The thread of loneliness continues through the following section, ironically entitled “Minimalist Sexuality.”

in this April light
tells me
this celibacy
will last and last

Goldstein’s honesty about himself is blunt and unsparing:

I spit
on tonight’s lonely
I floss,
I scribble poems

Loneliness and its compensations: Goldstein does not hesitate to write about writing, a topic many poets avoid. But for this poet, tanka is not a game, a hobby, or an art pursued for its own sake. It is a lifeline and he explores its limitations and its power.

a fall universe
into five lines down,
pen in hand,
the seaside bench hard

I want to push
these lines out,
out into this October light
to the very edge!

To cram a universe into five lines, to push to the very edge of what the form can do, the poet must be willing to spill thousands of tanka. Those of us among his readers who also attempt to write— those of us who tend to think “Oh, I already wrote about that,” and then stop— we might learn something from Goldstein’s willingness to return to the same themes, the same images, even the same words, in multiple poems. In the section entitled “Death,” for instance, he gives us these two poignant poems:

as rain,
as desire,
I see her
cloth-covered face

that white cloth
covering her face
again remembered,
sixteen years

... which beautifully capture the way in which grief resurges when we least expect it, even after many years. On neighboring pages Goldstein offers two more poems that use the image of “her cloth-covered face,” two others that mention “sixteen years,” and two more that speak of the death of “that young bride.” It is as if he holds an experience up to the light and examines its every facet, trying again and again to grasp its essence and to express the inexpressible. The many similar poems resonate against each other, ringing the experience into the depths of the reader’s memory as it rings in the poet’s— and keeping alive “chains of connection:”

almost broken,
chains of connection,
some having died,
some corridor silent

Goldstein also shares his acute perception of what other mysteries may lie hidden under a white cloth:

as if from behind
a magician’s cloth
radiant snow

Living with nerve endings equally exposed to sorrow and to beauty, Goldstein is denied the consolations of conventional religious faith. Among his most resonant attempts to cram the paradoxical universe into five lines occur in the section called “Zen, God, Faith, Doubt.”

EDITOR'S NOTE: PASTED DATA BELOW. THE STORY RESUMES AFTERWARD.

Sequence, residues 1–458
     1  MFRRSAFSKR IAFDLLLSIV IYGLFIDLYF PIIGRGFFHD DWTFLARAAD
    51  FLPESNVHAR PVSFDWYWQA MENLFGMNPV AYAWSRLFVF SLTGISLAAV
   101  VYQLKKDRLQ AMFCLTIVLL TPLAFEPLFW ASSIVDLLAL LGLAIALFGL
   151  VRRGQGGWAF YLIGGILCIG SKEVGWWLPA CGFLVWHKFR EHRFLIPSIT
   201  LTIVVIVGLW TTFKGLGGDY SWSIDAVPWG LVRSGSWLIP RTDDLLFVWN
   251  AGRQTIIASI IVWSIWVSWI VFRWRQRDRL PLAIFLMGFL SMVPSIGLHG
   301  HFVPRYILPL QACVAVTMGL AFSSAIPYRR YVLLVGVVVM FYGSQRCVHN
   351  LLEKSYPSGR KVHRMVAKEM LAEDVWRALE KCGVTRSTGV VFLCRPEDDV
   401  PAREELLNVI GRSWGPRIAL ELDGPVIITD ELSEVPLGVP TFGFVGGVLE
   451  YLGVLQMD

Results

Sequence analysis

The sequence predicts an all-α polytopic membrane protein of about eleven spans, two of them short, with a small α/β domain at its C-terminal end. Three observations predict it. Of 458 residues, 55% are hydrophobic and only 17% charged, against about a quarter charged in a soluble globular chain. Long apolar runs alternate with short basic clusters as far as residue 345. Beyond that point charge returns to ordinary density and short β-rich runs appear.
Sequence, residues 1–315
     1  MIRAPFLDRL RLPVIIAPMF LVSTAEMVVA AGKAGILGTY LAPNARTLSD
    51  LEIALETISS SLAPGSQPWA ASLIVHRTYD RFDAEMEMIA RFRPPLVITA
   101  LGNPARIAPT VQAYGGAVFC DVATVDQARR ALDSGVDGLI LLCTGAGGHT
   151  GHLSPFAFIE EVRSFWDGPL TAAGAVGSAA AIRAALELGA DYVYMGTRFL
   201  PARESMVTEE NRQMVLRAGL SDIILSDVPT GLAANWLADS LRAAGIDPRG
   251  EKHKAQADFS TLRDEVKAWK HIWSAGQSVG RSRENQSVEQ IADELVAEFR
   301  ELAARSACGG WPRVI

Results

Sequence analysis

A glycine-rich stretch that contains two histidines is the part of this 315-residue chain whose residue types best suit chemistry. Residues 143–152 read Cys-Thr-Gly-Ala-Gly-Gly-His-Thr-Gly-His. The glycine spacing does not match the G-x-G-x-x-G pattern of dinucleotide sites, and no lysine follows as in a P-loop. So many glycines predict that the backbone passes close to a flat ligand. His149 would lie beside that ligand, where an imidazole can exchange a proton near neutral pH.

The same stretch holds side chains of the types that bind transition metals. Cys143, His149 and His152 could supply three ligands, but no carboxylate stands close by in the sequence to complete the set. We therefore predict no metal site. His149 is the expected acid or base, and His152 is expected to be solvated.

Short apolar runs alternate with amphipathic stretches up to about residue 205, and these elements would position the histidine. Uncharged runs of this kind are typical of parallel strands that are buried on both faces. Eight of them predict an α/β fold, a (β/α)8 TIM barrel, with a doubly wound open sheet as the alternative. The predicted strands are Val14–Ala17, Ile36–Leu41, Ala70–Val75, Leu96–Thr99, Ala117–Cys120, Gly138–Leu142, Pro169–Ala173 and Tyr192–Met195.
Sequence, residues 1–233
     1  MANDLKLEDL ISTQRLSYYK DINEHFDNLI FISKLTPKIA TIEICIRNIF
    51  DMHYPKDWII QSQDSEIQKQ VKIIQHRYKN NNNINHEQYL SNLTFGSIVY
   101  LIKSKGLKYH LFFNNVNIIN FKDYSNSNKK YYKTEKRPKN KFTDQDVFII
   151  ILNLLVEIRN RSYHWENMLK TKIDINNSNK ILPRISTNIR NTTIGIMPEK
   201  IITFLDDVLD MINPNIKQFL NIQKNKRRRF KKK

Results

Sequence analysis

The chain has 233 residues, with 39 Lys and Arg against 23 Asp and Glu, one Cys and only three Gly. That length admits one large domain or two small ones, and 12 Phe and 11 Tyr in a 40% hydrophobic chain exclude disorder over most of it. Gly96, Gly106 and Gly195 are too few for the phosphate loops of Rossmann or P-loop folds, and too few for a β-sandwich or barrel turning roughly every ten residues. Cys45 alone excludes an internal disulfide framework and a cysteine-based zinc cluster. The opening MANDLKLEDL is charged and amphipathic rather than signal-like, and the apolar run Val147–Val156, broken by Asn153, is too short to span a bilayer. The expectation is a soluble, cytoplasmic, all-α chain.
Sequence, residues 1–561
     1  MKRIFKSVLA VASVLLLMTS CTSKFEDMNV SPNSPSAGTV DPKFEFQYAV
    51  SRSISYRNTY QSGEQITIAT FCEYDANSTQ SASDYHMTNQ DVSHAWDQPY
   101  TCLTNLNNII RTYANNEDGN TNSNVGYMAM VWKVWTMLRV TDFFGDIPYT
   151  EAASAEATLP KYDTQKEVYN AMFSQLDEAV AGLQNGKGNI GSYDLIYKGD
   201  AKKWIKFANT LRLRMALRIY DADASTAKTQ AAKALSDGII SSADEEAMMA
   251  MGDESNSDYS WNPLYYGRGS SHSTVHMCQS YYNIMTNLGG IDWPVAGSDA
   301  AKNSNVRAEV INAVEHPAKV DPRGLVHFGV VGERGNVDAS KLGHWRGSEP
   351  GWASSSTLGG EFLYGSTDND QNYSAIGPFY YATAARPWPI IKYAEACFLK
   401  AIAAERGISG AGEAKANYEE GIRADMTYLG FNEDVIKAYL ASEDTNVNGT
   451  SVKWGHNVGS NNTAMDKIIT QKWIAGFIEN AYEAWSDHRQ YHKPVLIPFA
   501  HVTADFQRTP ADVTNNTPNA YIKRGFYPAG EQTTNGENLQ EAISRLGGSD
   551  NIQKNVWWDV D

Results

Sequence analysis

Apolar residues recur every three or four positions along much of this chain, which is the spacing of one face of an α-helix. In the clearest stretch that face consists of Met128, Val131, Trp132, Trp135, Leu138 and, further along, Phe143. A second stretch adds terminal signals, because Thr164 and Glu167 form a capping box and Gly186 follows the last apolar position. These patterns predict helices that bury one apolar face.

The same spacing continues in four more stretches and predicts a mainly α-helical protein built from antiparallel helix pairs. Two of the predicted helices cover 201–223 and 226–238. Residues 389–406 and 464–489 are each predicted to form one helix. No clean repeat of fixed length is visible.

I picked up
and dropped them off,
so many bundles
of religious regret

He is unable to find “heavenly belief” in either the Judaism of his own background or in the Zen of his adopted country, Japan. And yet . . .

how neat
the straw slippers
at the Zen meeting,
they speak
the wordless

... just as the poet himself attempts to “speak the wordless” in poems that employ the bare minimum of words. The power of that bare-bones approach to poetry— to life— is reflected in the section entitled “Cleanliness, Whiteness, Purity.”

to clean
even a closet,
a bedroom floor,
this October light
steadies me

my colleague
invites me in
for tea,
we lift the white bowls

In the simplicity of a life scrubbed down to the essence, fewer and fewer words are needed to forge “chains of connection

It is thought-provoking that the poet chose to include the following poignant poem in the section “Cleanliness, Whiteness, Purity,” rather than in “Food, Drinks,” or “Kids:”

I want
to tip
my daughter,
she serves sadness
at the waffle shop

Aware that sticky sweetness cannot nourish us, Goldstein offers instead the purifying flame of existential sadness.

my sad now
out to dry,
how white
this April sky-light

In his introduction to This Short Life, Goldstein writes “I offer these [poems] to my readers in what may perhaps be my last book, though I said that about my previous book . . . [and] here I am again . . . “

it’s useless
I know
and still, still,
these five
lines down

is close enough
for death,
and still, still,
a few people say stay

Readers of This Short Life will surely echo those “few people” who say “stay”— and, despite the poet’s modesty, readers can assure Sanford Goldstein that his life-long practice of deep and honest exploration of his life through tanka is far from useless.

(Editor's Note: for more information about minimalist tanka and haiku, see "Cool Announcement: A New Release, micro haiku: three to nine syllables by George Swede" and "To the Lighthouse: Minimalist Tanka, not a word missing, not a word to be added")